When Jonah finally got his directions straight and went to preach to Nineveh, he was distraught because they heeded his warnings about God’s coming judgment, and God showed them mercy by reneging on his intention to destroy the city. Turns out this is exactly what Jonah was afraid would happen, and that’s why he didn’t want to go there in the first place. In this case, Jonah was all over justice being done, but the city got mercy instead.
Justice and mercy are two sides of God that come together in Christ. The cross of Christ is both the justice of God and the mercy of God. It is the justice of God in that it is the payment for sin. If you’ve ever wished an evil act would get its proper due, that wish was fulfilled in the cross. The cross catches the human race in the act of sin and disobedience. It’s the bad guys getting what they deserve. But it is also the mercy of God in that Christ is on it and not you or me. Christ is on it in our place, and that’s where this gets personal. Everybody gets it, even the bad guys I wish God’s judgment on. If I want mercy for myself, I have to allow it for everyone else with no partiality. This is the lesson Jonah had to learn and I’m not so sure he learned it. Nineveh repented of it’s evil ways, but there is no indication that Jonah repented of his judgment without mercy.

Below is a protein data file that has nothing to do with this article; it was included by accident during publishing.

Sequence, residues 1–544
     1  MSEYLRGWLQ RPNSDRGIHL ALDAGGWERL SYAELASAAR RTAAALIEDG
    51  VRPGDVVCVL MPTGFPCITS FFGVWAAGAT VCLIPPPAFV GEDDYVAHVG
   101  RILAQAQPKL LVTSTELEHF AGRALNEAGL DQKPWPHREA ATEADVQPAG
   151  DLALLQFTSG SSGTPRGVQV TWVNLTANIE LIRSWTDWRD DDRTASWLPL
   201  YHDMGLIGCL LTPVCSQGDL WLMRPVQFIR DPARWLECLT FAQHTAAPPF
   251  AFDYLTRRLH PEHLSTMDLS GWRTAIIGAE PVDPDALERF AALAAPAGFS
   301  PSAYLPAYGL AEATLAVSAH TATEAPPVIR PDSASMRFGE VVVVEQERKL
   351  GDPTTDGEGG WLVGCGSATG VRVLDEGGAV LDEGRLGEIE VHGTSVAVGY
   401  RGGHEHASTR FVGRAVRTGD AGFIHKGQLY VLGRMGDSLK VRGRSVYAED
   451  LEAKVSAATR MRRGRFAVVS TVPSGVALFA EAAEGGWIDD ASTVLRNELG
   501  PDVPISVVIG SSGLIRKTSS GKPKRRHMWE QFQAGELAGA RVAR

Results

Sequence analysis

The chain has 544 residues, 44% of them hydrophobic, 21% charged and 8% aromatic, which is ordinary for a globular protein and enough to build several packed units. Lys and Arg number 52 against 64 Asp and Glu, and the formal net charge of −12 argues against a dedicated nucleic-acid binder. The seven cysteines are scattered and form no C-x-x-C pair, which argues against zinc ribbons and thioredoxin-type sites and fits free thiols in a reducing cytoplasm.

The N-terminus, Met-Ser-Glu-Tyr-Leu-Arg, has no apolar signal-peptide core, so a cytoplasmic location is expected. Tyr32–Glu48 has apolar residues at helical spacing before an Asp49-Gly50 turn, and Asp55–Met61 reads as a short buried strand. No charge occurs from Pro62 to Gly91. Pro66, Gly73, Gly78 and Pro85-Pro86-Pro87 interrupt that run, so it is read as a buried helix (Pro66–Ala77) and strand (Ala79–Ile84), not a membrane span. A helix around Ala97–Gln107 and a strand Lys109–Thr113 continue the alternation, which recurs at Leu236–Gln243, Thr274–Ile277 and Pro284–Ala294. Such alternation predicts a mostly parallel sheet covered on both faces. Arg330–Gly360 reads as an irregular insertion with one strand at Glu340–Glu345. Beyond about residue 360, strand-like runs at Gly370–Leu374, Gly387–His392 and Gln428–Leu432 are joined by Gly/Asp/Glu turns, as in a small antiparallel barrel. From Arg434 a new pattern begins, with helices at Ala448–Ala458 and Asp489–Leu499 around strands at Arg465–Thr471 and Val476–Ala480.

Mercy is such good news. It is good news for everyone, but especially for me, because I know my sin better than anyone, but it must be given to be received. You can’t receive mercy and still make everyone around you pay. If you get mercy, they get it — even the worst of them — the ones you hope you don’t see in heaven.
We may need to make some adjustments in our thinking.